As if there weren’t already plenty of reasons why you should keep student loan debt to a minimum, there’s yet one more. One day you may want to buy a home and you’ll need to take a mortgage in order to do it. A student loan could cause complications! This is particularly true if your student loans are on the larger end of the spectrum, or if your income isn’t quite as generous as you had anticipated when you were in university and incurring the debt.
Student loans can present some problems for would-be homeowners, not the least of which since the loan terms on student loans can stretch out for many years, running right into the time of your life when family and a home to house them in move to the front burner.
Here are some factors to consider while you are still in university, and how they may one day impact your ability to qualify for a mortgage to buy a home.
It’s Not All About A Pretty Credit ScoreMost homebuyers assume that their good credit scores are sufficient to get them the mortgage of their choice. Sometimes that works – as long as everything else is where it needs to be.
But mortgage lenders look at several factors, in addition to credit scores:
- Assets – that you have enough money to cover the down payment, plus extra to cover reserves after closing.
- Debt -to-income ratio – they divide your total monthly debt obligations, including the proposed house payment, by your monthly income. Generally they will allow up to 40-45% of your income to go toward total debt; a large student loan payment could put you over the allowable ratio.
- Income stability – they will evaluate how long have you been earning the income you have, and how likely it will be to continue.
- Significant delinquency – even if your credit scores are good, lenders will look at specific credit activity; activity on certain loan types are more significant than others, and student loans, because of their size, are one of them. A late or two here could be damning to your mortgage approval.
Student loans – both the amount and the quality of your payment history – could have an effect on at least a couple of those categories.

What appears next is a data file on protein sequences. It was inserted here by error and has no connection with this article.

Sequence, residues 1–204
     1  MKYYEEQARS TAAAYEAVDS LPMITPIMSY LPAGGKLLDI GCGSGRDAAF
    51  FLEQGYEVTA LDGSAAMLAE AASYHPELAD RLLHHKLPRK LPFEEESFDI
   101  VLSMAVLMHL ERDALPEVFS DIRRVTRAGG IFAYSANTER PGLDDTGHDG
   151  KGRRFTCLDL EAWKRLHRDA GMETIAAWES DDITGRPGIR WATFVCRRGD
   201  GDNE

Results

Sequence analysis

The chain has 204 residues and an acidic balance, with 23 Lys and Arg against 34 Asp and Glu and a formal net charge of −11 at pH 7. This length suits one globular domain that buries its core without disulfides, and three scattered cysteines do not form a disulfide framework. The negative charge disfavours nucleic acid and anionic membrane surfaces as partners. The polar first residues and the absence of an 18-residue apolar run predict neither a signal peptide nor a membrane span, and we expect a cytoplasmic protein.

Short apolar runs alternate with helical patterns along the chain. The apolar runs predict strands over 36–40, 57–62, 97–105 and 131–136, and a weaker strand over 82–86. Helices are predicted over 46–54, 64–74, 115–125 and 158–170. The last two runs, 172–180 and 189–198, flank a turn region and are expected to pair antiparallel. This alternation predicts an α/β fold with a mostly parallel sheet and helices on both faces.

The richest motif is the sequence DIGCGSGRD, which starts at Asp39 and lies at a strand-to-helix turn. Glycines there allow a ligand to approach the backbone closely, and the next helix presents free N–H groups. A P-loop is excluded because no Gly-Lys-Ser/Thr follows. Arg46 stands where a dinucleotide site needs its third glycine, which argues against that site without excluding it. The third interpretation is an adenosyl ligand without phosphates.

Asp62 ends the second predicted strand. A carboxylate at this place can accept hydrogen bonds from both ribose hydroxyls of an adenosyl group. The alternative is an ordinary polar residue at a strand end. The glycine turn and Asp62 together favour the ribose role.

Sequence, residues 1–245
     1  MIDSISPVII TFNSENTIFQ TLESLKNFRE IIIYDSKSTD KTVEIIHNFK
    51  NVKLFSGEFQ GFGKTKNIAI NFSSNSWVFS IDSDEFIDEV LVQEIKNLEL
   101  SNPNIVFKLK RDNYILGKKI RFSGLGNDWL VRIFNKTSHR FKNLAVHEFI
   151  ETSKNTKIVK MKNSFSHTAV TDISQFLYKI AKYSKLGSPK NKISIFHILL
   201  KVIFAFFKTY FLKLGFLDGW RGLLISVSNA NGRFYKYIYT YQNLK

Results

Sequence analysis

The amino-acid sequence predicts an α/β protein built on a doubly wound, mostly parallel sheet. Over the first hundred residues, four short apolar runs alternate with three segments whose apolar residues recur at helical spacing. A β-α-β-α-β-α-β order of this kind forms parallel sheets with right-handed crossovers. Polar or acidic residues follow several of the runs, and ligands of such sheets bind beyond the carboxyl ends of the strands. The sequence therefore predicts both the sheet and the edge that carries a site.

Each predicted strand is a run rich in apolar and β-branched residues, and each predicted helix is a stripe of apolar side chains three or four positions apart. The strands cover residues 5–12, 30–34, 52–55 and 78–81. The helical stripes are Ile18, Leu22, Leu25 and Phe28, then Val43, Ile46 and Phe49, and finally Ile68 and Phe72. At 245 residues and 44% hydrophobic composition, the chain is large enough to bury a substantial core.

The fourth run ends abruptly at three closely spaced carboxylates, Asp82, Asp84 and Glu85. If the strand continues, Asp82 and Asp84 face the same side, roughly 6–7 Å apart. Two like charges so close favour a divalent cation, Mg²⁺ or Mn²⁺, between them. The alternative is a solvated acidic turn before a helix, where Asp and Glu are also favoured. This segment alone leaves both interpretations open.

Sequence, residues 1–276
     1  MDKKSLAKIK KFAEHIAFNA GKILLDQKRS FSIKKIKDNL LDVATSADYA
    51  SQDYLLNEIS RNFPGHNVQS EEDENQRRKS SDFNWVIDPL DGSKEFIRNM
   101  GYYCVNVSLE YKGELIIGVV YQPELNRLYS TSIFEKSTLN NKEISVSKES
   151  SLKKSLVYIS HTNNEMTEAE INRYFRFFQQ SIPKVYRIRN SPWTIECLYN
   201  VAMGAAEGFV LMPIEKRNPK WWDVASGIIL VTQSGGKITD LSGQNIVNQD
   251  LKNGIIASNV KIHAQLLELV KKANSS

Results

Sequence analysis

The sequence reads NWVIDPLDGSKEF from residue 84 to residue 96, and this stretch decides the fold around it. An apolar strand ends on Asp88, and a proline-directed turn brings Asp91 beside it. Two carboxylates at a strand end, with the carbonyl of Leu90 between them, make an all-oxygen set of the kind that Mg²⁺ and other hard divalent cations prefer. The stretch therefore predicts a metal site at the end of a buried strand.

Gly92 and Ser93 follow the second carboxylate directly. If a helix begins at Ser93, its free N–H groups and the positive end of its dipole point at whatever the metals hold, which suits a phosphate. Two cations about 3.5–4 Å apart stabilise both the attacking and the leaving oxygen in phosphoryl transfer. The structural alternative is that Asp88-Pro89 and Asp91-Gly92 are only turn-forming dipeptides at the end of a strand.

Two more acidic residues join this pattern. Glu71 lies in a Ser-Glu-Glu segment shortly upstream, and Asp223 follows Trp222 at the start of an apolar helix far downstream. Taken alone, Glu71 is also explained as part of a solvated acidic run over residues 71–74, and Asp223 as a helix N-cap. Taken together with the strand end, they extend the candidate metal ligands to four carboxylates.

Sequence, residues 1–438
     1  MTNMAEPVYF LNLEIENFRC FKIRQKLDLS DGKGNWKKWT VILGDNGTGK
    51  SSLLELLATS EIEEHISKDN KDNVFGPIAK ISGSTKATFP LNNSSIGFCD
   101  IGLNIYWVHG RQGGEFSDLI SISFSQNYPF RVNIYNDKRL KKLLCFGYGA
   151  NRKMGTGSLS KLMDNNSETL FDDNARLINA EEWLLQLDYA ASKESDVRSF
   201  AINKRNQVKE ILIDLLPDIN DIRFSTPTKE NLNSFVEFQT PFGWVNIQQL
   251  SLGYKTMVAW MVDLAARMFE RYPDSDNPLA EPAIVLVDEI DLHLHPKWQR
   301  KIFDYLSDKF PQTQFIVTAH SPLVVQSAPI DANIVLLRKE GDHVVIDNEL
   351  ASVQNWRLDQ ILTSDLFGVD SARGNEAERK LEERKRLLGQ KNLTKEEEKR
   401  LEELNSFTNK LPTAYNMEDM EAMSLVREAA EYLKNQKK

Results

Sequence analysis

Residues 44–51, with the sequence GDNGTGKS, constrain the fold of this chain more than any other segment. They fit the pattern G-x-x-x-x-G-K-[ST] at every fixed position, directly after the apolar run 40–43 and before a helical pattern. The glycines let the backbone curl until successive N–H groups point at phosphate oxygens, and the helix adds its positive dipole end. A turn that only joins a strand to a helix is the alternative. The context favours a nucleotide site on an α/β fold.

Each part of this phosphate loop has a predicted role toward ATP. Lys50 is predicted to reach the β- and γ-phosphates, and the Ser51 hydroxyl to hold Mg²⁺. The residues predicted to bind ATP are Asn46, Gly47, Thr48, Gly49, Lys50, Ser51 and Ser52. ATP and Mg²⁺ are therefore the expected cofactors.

Equally significant, student loans that are in deferral status at the time of mortgage application could have an effect. Lenders will sometimes impute a monthly payment on a deferred loan in order to accurately measure the future risk the loan will represent. Though you may think the debt is a non-factor, due to the deferment, the lender may not ignore it.
House Prices Are Hovering In Record Territory And Student Loans Won’t Help
Still another potential issue for those with large student loan debts is the fact that house prices nationwide are hovering at record levels. Canada Mortgage and Housing Corp recently forecast the average house price across the country to rise to over $400,000 in 2015, and that’s just the average. In some markets, like Toronto and Calgary, and especially Vancouver, prices are substantially higher.
Large student loan debts could make qualifying for mortgage financing even more difficult, particularly in the priciest markets. The continuing house price spiral practically guarantees that this will be a problem for the foreseeable future.
Buying A Home On A Shoestring – Where Student Loans Can Hurt Most
The vast majority of university graduates will be first time home buyers, and that usually means that they will be buying on a shoestring. The down payment will be minimal, and debt-to-income ratios will be stretched to the maximum allowable levels. A large student loan payment will reduce the size of the mortgage that you will be able to qualify for, and that could make it close to impossible to buy a home, particularly in the highest priced markets.
Keep Student Loans To A Minimum – While You Still Can
Why be concerned about this now, while you are still in university? The debts that you are accumulating right now – as necessary as they may be – may limit financial options in the future, including the type and even the location of the home you will one day purchase.
It all makes a strong case for doing what you can now to keep your student loans as low as possible. Earn extra money when and where you can, keep your expenses to a minimum, and avoid thinking that the sky’s the limit on your education just because you can pay for it with student loans.
A little bit more attention to your debt level now can have a major positive impact in just a few years when you’ll be making major decisions about the rest of your life – like buying a home.